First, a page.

SELF-HELP books are the stuff of publishers' dreams but if Ronny Deila is looking for any advice on how to deal with the stress of the last three days, he should look in the football literature section instead.

Gordon Strachan's autobiography has a crumb of comfort which might keep Deila going as his position as Celtic manager - and his reputation - comes under scrutiny following a 4-1 defeat by Legia Warsaw in the first leg of their Champions League qualifier.

Strachan has been in a similarly vulnerable position. Nine years ago the coach who is now in charge of Scotland suffered his own trauma in Europe as his tenure at Celtic began with a humiliating 5-0 defeat by Artmedia Bratislava. That led to the Glasgow side being knocked out of the Champions League, and without a place in the Uefa Cup to soften the blow. Celtic also experienced its worst financial results of that decade as a result of missing out on European revenue.

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Strachan did gamble when his side was just 2-0 down in Slovakia, chasing an away goal which he felt would offer Celtic a lifeline in the qualifying tie. They did not get it and instead drifted out of the competition, albeit after winning the second leg 4-0.

In his 2006 autobiography, Strachan dwelt on the problems of replacing a successful manager but with a diminishing budget. He cited the £34,000-a-week wage of one of predecessor Martin O'Neill's signings which covered all three of his new recruits - Shunsuke Nakamura, Artur Boruc and Maciej Zurawski.

All those problems crystallised into one torrid evening in Slovakia, very similar to the conditions in which Deila's team evaporated in Warsaw on Wednesday night. The parallels between the two occasions are unmistakable. Strachan used six of the players who had won the Scottish Cup under O'Neill just eight weeks earlier, but introduced debutant Paul Telfer in a similar way to how Deila started Jo Inge Berget against Legia, just a two days after he signed on loan from Cardiff City.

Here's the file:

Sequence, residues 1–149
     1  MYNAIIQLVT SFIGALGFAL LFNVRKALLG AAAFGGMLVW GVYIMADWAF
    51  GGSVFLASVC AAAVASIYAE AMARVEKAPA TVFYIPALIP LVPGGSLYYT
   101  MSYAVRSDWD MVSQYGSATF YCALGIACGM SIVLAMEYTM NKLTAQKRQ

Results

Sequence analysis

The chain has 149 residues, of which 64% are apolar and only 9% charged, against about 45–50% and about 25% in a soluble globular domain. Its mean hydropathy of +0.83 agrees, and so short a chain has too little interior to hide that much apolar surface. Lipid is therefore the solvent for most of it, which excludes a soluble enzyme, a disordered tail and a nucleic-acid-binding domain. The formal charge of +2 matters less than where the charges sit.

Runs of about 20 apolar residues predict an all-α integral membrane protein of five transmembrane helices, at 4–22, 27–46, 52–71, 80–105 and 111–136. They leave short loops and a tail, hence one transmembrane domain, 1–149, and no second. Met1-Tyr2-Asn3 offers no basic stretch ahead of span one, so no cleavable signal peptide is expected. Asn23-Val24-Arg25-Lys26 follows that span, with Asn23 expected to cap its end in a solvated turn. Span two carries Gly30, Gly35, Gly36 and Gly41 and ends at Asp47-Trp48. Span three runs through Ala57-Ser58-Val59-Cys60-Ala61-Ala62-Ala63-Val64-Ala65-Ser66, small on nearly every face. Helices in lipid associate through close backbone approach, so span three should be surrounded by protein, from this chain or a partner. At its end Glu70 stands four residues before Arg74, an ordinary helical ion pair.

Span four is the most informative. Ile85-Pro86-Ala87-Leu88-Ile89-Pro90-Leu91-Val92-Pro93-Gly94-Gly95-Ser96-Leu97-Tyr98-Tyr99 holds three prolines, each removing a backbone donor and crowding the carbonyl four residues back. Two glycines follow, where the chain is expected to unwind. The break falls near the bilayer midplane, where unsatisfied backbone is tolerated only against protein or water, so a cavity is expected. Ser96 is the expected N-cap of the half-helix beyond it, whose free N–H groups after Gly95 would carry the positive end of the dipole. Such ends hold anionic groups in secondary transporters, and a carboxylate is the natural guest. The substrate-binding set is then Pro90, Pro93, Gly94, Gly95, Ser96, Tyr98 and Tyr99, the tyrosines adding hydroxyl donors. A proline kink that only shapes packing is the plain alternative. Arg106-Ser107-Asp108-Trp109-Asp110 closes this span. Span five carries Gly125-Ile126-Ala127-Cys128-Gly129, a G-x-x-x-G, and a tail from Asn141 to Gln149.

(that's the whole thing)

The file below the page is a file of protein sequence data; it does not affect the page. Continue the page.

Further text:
In his book, Strachan dismissed accusations of naivety by eschewing damage limitation in Bratislava. "It could have paid off," wrote the coach, pointing to missed opportunities by Shaun Maloney and Aiden McGeady during that match.

Perhaps Deila is right to cling to the away goal scored by Callum MacGregor, then. It seemed at first like a misplaced sense of values when Deila spoke of how that solitary moment of joy still mattered after the way his side were dismantled following the seventh-minute lead provided by the young midfielder.

As Deila prepares for the return leg at Murrayfield on Wednesday, the Celtic manager is working in front of a backdrop of mistrust and apprehension, both about his ability as manager and about Celtic's immediate European future. It is hardly fertile ground for energising players and supporters to launch a comeback.

Strachan, though, has inadvertently offered some hope for Deila. The events of that night in Bratislava shaped the Scot and he went on to lead Celtic to the last 16 of the Champions League in both 2007 and 2008. "Almost every manager or player is bound to find himself on the wrong end of a thrashing at some stage of his career," Strachan wrote.

Strachan also recalled Brazil giving Jock Stein's Scotland a 4-1 thrashing in 1982 World Cup and suggested that perhaps David Narey's opening goal provoked Brazil. Perhaps MacGregor did the same in Warsaw.

Deila would not be the first Celtic manager to be caught out in Europe not long after their appointment. Neil Lennon had to suffer in Braga and Utrecht before he made the adjustments to his tactics and his personnel which delivered successive Champions League group-stage football. Liam Brady was also in charge of a Celtic side which was humbled by Neuchatel Xamax in the Uefa Cup 24 years ago.

Before Deila can attempt to put things right in Europe, however, he will send his Celtic side out against Tottenham Hotspur today. The friendly match - which is being held in Helsinki - will be Celtic's seventh friendly this summer.